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While the President and First Lady were busy embarrassing us with their awkward dance moves and hand gestures abroad, a sinister plan was being put into effect that would spell the end of the USA.

Fortunately, the survival of America is not dependent solely on the President or his masters.

Thank God, there are still some patriots willing to put him in his place.

Morning lineup:

Meet the Press: White House Senior Adviser David Axelrod; Sen. John McCain (R-AZ); Roundtable: Former Federal Reserve Chairman Alan Greenspan, Former House Speaker Newt Gingrich, Former Rep. Harold Ford, Jr. (D-TN) and Bethany McLean (Vanity Fair).

Face the Nation: Sen. Charles Schumer (D-NY); Senator-Elect Rand Paul (R-KY).

This Week: Former Secretary of State Madeline Albright; Sen. Lindsay Graham (R-SC); Sen. Kent Conrad (D-ND); Chairman/CEO of Honeywell International David Cote; Roundtable: George Will (Washington Post), Paul Krugman (New York Times), Ruth Marcus (Washington Post) and Robert Kagan (Brookings Institution).

Fox News Sunday: White House Senior Adviser David Axelrod; Sen. Jim DeMint (R-SC); Actor/Activist Jeff Bridges; Roundtable: Brit Hume (Fox News), Mara Liasson (NPR/Fox), Bill Kristol (Weekly Standard) and Juan Williams (Fox News).

State of the Union: Sen. John Cornyn (R-TX); Sen. Mark Warner (D-VA); Rep. James Clyburn (D-SC); Rep. Heath Shuler (D-NC); Former White House Communications Director Anita Dunn; Former Rep. Tom Davis (R-VA).

The Chris Matthews Show: Gloria Borger (CNN); Howard Fineman (Huffington Post); Clarence Page (Chicago Tribune); Kelly O'Donnell (NBC News).

Fareed Zakaria GPS: Former Secretary of State George Shultz.

Evening lineup:

60 Minutes will feature: a report on "Shaleionaires" — people who have gotten rich by allowing shale drilling/extraction on their property (preview); a report on outbreak of cholera in Haiti (preview); and, an interview with Staff Sgt. Salvatore Giunta — the first living recipient of the Medal of Honor since the Vietnam War (preview).


On Comedy Central:

Jon Stewart vigorously defended himself against criticism.

The Daily Show

Monday: Olympian/Author Marion Jones ("On the Right Track")

Tuesday: Authors Bethany McLean and Joe Nocera ("All the Devils are Here")

Wednesday: Rapper/Author Jay-Z ("Decoded")

Thursday: Author Phillip K. Howard ("Life Without Lawyers")

And Stephen Colbert critiqued President Bush's memoir.

The Colbert Report

Monday: NBA Commissioner David Stern

Tuesday: Singer/Songwriter John Legend

Wednesday: Author Ian Frazier ("Travels in Siberia")

Thursday: Medal of Honor Recipient Staff Sgt. Salvatore Giunta & TV Producer Dick Wolf ("Law & Order")


In the halls of Congress:

Rep. John Shimkus, one of the Republicans vying to take over the House Energy & Commerce Committee, expressed his willingness to put his fate (and ours) in God's hands.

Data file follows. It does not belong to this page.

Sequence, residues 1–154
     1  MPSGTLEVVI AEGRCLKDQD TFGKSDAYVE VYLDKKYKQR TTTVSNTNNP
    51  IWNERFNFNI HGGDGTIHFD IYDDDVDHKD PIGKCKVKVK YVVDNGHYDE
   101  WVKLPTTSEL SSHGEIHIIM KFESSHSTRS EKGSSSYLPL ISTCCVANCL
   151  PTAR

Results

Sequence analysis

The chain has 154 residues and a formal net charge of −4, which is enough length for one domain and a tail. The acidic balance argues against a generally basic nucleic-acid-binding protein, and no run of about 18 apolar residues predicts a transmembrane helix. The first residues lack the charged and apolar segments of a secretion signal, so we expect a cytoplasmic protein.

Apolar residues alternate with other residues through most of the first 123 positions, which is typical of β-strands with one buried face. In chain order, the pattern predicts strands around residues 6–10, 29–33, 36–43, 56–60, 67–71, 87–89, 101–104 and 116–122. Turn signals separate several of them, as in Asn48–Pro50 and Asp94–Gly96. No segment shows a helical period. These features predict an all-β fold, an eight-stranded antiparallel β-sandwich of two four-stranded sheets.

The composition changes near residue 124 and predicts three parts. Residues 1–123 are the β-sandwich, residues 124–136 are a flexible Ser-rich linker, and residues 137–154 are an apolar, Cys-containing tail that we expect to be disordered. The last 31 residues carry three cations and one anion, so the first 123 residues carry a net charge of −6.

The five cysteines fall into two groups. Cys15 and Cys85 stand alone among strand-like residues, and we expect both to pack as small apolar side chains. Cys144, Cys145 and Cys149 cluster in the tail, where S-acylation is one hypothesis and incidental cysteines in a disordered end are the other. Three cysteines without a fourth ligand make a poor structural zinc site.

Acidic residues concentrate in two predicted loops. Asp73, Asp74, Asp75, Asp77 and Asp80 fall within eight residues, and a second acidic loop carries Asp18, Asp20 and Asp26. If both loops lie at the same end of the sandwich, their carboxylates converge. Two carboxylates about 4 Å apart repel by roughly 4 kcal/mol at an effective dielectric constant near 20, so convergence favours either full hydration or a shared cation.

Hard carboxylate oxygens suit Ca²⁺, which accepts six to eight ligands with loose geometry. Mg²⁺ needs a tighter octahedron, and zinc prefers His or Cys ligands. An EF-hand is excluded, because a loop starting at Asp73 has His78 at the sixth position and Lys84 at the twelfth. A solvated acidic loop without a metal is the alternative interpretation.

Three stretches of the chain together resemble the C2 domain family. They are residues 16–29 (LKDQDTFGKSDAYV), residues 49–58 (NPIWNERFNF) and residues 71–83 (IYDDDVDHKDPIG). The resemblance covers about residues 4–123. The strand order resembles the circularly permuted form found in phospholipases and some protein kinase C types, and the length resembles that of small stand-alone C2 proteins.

Rep. John Shimkus is standing by a controversial comment that global warming isn't something to worry about because God said he wouldn't destroy the Earth after Noah's flood.

The Illinois Republican running for the powerful perch atop the House Energy and Commerce Committee told POLITICO on Wednesday that his understanding of the Bible reaffirms his belief that government shouldn't be in the business of trying to address rising greenhouse gas emissions.

"I do believe in the Bible as the final word of God," Shimkus said. "And I do believe that God said the Earth would not be destroyed by a flood."



BP apologist Rep. Joe Barton, one of Shimkus' opponents, is planning a more proactive approach.

The ranking member on the House Energy and Commerce Committee and one of the men vying to be the next chair of the powerful panel when Republicans take over the House next year, Barton laid out his plan for, essentially, undoing most of what President Obama and Democrats accomplished in the past two years. He laid out the central fronts: the battle to repeal what he calls Obamacare, the fight against the EPA, backing the growing insurgency opposed to net neutrality regulations, taking on "environmental radicalism" and — of course — defending the "traditional, incandescent light bulb" against government regulators who want to replace it with what Barton called "the little, squiggly, pig-tailed ones."


And elsewhere:

New Jersey Gov. Chris Christie, one of the biggest stars in the known Republican universe, conceded that he's not one of the brightest.

"Mankind, is it responsible for global warming? Well I'll tell you something. I have seen evidence on both sides of it. I'm skeptical - I'm skeptical. And you know, I think at the at the end of this, I think we're going to need more science to prove something one way or the other.

But you know - cause I've seen arguments on both sides of it that at times - like I'll watch something about man-made global warming, and I go wow, that's fairly convincing. And then I'll go out and watch the other side of the argument, and I go huh, that's fairly convincing too. So, I go to be honest with you, I don't know. And that's probably one of the reasons why I became a lawyer, and not a doctor, or an engineer, or a scientist, because I can't figure this stuff out."


Shine on you crazy diamond.


Originally posted to Daily Kos on Sat Nov 13, 2010 at 09:32 PM PST.

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